Self-Criticism and Anxiety
Anxiety can make even the simplest of tasks seem insurmountable. Things like paying bills, making phone calls, and even leaving the house can send someone with an anxiety disorder into a panic.
This can be provoking for our loved ones. They may not understand why something that is second nature to them is so difficult for us. And even if they do understand it, they may still find it frustrating.
However, there is frequently someone is even more critical of us. That is ourselves.
The worst is when the panic attacks come out of nowhere for no distinguishable reason. All too often I find myself thinking, “There is nothing to be anxious about! This is illogical! Why am I like this?”
Every time I see the way my anxiety affects my family, whether it is because I overreact to a mess they made, or if it's my husband having to take time from his busy schedule to take care of something I just couldn't push myself to do, I feel awful and chastise myself over and over.
We know better than anyone the ill effects of anxiety. We know better than anyone how all-consuming it can be. We also know that most of our anxieties are unfounded.
GAD and You
There are many different anxiety disorders, but if you have generalized anxiety disorder (GAD), you likely have a constant feeling of unease and worry about everything and about nothing.
When you have GAD you are aware it is not logical. This leads to you feeling upset with yourself for feeling what you do. It is vexing to not be in control of your thoughts and emotions, or to not be in control of the way you react to situations.
These frustrations lead to critical thinking. We may become ruthless in our assessment of ourselves.
We may begin to call ourselves disparaging names, either out loud or in our head. We may look back at how we reacted to a situation and think about what we wish we had said or done instead. And then we think about it over and over, as if it is a video on a loop.
We may sit around wishing we were different, wishing we were like someone else who is seemingly more easygoing.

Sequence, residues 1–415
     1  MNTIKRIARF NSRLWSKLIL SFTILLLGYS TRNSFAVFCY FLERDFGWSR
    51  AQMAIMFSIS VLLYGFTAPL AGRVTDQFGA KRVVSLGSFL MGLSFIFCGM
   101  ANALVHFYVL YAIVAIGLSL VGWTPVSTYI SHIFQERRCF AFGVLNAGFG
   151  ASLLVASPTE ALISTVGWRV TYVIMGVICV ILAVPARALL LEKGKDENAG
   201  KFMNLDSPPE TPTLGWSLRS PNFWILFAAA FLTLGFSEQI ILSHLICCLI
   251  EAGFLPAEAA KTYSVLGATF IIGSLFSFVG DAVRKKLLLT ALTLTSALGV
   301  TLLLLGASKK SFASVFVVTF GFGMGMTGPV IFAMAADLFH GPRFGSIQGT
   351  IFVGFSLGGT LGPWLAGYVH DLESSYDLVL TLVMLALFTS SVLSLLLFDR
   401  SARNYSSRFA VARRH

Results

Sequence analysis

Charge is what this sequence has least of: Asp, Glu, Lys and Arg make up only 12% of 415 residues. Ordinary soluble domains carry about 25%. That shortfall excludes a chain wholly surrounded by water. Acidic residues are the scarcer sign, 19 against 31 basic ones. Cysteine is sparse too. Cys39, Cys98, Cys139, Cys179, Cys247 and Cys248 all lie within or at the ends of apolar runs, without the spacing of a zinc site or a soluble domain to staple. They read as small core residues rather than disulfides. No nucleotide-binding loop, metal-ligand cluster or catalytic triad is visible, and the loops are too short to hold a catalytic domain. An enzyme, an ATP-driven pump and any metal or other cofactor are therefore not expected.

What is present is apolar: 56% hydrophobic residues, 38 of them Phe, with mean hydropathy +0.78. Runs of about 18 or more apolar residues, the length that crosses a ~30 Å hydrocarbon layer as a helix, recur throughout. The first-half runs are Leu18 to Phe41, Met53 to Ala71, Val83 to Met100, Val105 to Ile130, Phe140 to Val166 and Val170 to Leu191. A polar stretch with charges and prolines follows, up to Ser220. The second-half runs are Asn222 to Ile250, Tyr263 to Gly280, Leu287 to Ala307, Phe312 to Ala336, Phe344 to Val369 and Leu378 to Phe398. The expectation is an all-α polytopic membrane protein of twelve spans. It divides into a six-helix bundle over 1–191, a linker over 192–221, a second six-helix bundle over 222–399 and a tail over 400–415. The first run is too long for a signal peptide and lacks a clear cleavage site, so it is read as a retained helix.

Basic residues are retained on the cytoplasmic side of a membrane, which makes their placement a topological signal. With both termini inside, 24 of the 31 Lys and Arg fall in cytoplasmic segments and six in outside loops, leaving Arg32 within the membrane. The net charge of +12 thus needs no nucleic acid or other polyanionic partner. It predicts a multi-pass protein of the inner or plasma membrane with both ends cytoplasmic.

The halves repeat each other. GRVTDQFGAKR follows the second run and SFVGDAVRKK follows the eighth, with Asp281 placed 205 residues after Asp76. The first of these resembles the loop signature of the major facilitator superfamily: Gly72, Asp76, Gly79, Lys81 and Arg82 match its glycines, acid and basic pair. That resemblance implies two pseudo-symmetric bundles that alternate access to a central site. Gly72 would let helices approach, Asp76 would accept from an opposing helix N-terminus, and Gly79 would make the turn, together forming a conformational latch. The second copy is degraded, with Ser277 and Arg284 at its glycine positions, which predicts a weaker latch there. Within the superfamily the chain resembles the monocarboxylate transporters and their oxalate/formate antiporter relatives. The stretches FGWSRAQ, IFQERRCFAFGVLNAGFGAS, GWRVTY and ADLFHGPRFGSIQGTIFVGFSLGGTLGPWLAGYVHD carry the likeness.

As easy as it is to fall into this type of thinking, it is not helpful to us or anyone else. To the contrary, dwelling on negative thoughts can have a damaging effect both on a psychological level and on a physical one.
Try this instead: Remind yourself that anxiety is an illness. As with any illness it comes with limitations.
If you had a physical ailment, such as arthritis, you would have limitations. There would be certain tasks that you would find difficult to do, some that you would need assistance with, some that you may not be able to do at all. That would be frustrating, but it would be perfectly understandable. That is the nature of illness.
When you have an anxiety disorder there are certain things that are difficult to do, that you cannot do on your own, or that you may not be able to do at all. And yes, that is frustrating. But again, that is the nature of illness.
Try These Strategies
Give Yourself a Break
Figuratively, yes, but literally as well. If you find you are starting to have overly critical thoughts about yourself, stop and take a break. Do something that makes you feel calm, happy, or that you are good at.
Change the Way You Talk About Yourself
First, start with how you talk about yourself to others, then work on the way you think about yourself.
Treat Yourself the Way You Treat Your Friends
Before you say something about yourself, think, "is this how I would talk to or about my friends?" If a friend makes a mistake, do we harp on it over and over? Most likely not, so why do that to yourself?
As we know, having an anxiety disorder means we do not have complete control over our thoughts and feelings, but we can use what control we do have to cultivate a healthier self image.